Thursday, March 18, 2010

Even though greeted by a strong snowstorm and what turned out to be Slovenia’s last day of winter, the weather settled down as the Shoghaken Ensemble rehearsed and prepared for a concert at Cankarjev dom, a cultural organization in Ljubljana that arranges cultural programs for the government of Slovenia, and which this year is presenting the culture of Armenia. On March 12, Shoghaken performed a concert of Armenian folk song and dance, resulting in what locals said was a rarely seen, if ever, standing ovation in Slovenia.

In the two-part concert, Shoghaken followed the Sharakan ensemble, billed as an ensemble presenting “ancient Armenian music,” thus, their preceding Shoghaken at the event. A pre-concert discussion unfolded among ensemble members about how Sharakan’s music from the Middle Ages, combined with ashoughagan songs and even new songs written by the group’s director, played older music than Shoghaken — Sharakan’s arguments not helped by the fact they sang a new patriotic song or two, along with their sometimes strange mixture of songs.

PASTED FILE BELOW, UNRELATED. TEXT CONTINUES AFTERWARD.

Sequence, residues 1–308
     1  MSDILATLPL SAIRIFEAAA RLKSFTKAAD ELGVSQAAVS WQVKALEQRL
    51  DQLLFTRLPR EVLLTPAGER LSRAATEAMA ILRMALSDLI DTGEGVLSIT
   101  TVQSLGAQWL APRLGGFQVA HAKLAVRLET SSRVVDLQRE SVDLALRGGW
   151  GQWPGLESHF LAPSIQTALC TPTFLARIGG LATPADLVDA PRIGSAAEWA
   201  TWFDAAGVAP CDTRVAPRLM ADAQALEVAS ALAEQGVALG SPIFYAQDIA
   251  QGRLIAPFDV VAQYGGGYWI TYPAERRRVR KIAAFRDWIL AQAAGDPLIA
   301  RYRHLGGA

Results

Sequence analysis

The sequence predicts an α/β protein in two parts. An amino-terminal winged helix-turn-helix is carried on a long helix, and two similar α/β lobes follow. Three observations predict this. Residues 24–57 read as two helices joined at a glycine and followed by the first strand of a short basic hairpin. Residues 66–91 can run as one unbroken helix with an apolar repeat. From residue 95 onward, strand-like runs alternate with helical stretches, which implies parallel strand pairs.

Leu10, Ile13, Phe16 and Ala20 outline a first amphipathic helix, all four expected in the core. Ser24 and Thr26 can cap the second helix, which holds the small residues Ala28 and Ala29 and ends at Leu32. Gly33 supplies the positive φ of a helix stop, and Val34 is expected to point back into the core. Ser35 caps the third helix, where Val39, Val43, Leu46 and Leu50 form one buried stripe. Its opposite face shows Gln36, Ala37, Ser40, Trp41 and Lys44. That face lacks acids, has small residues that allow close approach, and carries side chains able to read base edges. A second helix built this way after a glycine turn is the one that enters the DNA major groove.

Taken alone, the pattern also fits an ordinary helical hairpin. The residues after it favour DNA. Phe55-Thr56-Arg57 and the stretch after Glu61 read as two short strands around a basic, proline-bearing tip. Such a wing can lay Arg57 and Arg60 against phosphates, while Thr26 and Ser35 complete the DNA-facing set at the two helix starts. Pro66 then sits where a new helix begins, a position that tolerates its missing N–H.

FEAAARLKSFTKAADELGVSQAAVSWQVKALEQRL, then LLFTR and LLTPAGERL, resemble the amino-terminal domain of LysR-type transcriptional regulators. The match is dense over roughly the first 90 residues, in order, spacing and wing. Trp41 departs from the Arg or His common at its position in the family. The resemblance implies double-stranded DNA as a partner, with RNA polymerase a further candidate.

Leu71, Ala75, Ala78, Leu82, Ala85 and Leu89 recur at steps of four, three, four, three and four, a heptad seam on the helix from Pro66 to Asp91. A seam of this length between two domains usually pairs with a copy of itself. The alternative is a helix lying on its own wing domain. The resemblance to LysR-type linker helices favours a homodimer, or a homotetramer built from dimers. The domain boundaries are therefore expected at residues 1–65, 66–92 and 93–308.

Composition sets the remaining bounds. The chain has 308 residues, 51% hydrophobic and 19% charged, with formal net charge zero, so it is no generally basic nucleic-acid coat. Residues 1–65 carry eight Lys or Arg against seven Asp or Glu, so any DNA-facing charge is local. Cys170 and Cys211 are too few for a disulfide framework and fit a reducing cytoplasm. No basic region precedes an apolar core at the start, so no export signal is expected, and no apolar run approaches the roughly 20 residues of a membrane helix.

During our days there, along with Hasmik’s folk song and dance workshops, Shoghaken enjoyed the sights of Ljubljana, also meeting with a few of the Armenians living in Slovenia. Unfortunately, one was a fellow who got himself “invited” to the country, after which he obtained legal status and remained in the country. Another man, a hard-working type, said he had come from Poland, but was so embarrassed by what Armenians were doing there, that he left and came to Slovenia. Apparently Armenians from Armenia were going to Poland and paying local girls (or men, depending) to get married, then receiving citizenship and staying in the country, often afterward not leading exemplary lives. It got to the point, he said, that the Polish government stopped accepting such marriages, insisting these couples go to Armenia and get married before applying for residence in Poland, stopping many from this practice as they had illegally left Armenia and couldn't return to the country to get married. Many, he said, were actually deported from Poland.

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